What is a bull market?
The phrase “bull market” can describe markets in any kind of securities, but typically refers to stock markets.
The main characteristic of a bull market is where price in a market trends upwards over an extended period of time — whether months or years.
This long-term price movement is known as the secular trend.
Positive trends are driven by high investor confidence in the security to deliver returns.
In the case of stock markets, it means investors believe that companies will generate profits and pay dividends.
Therefore, bull markets usually coincide with strong periods for their relevant economies, characterized by rising economic indicators such as gross domestic product (GDP) and employment figures.
Bull markets begin and end with bear markets.
A bear market is characterized by a 20% fall following a peak.
Therefore, it is only possible to identify the end of a bull market retrospectively.
Why is it called a bull or bear market?
It’s uncertain where these names originated.
Some commentators believe they derive from the way in which these specific animals confront opponents: bulls push their horns upwards, while bears swipe their paws downwards, reflecting the respective secular trends in each market.
Others believe bull refers to the New York Stock Exchange’s construction on the site of a 17th century Dutch cattle market.
The phrase “bear market” was thought of by etymologists in reference to a proverb warning against selling “the bear’s skin before one has caught the bear,” symbolising brokers selling borrowed stock whose value they expect to fall (for example, short selling).
Bulls, meanwhile, are thought to symbolise purchases expected to increase in value.
How can we tell if we’re in a bull market?
There is no official definition of a bull market.
Generally, though, a bull market is considered a period of time in which prices rally 20% or more following their near term trough.
Bull markets also feature high demand for a security (the share market, for example) relative to supply, as more investors look to purchase and hold assets in the expectation of profits.
Market commentary tends to be optimistic in tone, with investor confidence rising.
How can you tell if a bull market has ended?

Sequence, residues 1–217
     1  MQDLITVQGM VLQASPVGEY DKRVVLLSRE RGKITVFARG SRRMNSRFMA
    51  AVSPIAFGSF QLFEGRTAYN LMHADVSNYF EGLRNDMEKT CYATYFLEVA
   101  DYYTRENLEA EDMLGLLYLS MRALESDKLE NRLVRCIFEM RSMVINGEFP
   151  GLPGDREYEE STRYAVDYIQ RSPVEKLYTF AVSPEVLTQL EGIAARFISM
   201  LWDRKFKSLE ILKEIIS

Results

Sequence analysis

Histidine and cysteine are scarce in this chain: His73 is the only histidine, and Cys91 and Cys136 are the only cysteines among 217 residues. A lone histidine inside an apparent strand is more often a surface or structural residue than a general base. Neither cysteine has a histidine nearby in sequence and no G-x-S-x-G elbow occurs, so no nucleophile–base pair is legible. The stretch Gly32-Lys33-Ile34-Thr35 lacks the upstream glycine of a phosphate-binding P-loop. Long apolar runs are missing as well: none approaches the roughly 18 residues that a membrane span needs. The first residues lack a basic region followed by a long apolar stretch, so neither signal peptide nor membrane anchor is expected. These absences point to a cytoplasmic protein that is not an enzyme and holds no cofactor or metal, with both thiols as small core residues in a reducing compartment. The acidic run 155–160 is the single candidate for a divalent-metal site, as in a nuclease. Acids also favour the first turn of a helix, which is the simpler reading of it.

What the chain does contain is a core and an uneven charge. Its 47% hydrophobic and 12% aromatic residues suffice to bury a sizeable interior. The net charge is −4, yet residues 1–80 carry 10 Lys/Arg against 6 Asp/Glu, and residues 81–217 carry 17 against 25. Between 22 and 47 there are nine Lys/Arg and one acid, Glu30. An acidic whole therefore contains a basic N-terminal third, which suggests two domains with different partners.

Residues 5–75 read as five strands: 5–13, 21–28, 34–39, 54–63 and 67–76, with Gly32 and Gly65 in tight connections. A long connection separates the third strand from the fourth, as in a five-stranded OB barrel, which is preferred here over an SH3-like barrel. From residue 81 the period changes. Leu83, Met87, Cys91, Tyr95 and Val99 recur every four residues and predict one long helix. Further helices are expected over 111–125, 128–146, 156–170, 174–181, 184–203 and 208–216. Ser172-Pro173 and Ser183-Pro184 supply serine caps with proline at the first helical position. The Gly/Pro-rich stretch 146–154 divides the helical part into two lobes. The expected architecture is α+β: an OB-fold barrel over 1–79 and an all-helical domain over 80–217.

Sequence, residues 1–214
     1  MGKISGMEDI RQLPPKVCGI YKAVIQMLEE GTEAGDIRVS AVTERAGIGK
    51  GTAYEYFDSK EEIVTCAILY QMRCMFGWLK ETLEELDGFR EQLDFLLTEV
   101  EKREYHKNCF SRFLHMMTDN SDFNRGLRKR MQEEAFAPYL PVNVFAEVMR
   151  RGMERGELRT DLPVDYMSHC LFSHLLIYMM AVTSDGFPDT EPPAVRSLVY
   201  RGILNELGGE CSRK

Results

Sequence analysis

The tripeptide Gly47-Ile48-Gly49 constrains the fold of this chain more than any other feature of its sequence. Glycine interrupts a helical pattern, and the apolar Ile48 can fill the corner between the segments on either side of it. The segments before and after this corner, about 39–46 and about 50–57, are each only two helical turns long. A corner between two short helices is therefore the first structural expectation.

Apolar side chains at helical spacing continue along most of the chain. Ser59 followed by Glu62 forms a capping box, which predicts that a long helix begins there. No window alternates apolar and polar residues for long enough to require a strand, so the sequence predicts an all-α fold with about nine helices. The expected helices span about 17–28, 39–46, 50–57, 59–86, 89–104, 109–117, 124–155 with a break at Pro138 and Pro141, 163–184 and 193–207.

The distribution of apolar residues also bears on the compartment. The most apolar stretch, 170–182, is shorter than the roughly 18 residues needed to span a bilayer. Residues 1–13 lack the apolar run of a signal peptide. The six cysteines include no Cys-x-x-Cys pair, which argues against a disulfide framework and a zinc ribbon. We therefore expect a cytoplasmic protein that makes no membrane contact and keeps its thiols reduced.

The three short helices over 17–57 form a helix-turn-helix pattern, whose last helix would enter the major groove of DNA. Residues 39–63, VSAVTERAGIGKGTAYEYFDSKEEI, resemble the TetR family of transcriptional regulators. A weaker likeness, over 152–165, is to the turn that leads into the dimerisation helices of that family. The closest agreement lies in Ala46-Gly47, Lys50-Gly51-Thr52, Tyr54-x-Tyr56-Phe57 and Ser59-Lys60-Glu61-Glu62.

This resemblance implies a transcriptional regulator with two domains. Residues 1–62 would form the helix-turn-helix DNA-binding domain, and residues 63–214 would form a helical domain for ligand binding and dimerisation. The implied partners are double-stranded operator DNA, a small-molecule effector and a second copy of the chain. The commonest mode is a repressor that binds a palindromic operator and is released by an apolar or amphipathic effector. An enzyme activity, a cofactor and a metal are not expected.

Bull markets are said to end when prices fall 20% from their near term peak.
Investors and analysts therefore cannot know when a bull market will end until after the event.
This 20% fall signals the onset of a bear market.
These typically accompany recessions, falling investor confidence, reduced corporate profits and rising unemployment, which are also traits of a market crash.
There are many factors that can cause bull markets to end.
Five outlined by Kiplinger are:
Rising interest rates
For example, the Nasdaq Composite was hugely overvalued at the end of the dot-com bubble in 1999, which proceeded the crash in 2000.
Psychological stages that drive a bull market.
Fund manager- John Templeton said that “bull markets are born on pessimism, grow on scepticism, mature on optimism and die on euphoria.”
Since bull markets begin with price increases from a trough, they immediately follow bear markets, when pessimism is highest.
Templeton believed “the time of maximum pessimism is the best time to buy, and the time of maximum optimism is the best time to sell.”
Templeton bought $100 worth of each of the cheapest stocks available to him at the outset of the Second World War, which delivered average returns of 400% over the next four years. During this phase, also known as accumulation, early adopters exploit low stock prices to acquire cheap assets.
Scepticism: As prices rise, scepticism and talk of false recovery or false breakouts are abound.
Following a bear market, many investors are wary of being stung.
As prices rally, indicators such as employment lag help to sustain sceptical investor sentiment while the early majority join the market.
Optimism: This scepticism eventually matures into optimism once the late majority are convinced of the bull run’s authenticity.
This can, however, take years.
The post-crisis bull run, from the end of the 2008 global financial crisis until the coronavirus pandemic, was the longest bull market in history but was shrouded in scepticism for most of its duration.
During the optimistic stage, positive market sentiment lifts prices by increasing demand for securities.
Investors are confident their investments will yield returns, so will pay (and demand) higher prices for them.
Euphoria: This emerges when investors are so overconfident in the ability of securities to generate returns that prices inflate disproportionately.
This over exuberant euphoria leads to a crowded trade where there are few buyers left, and in turn results in an eventual decline in prices where early investors take profits.
This is also referred to as an economic bubble.
This leads to pessimism, a rush for the exits and a restarting of the bull/bear cycle.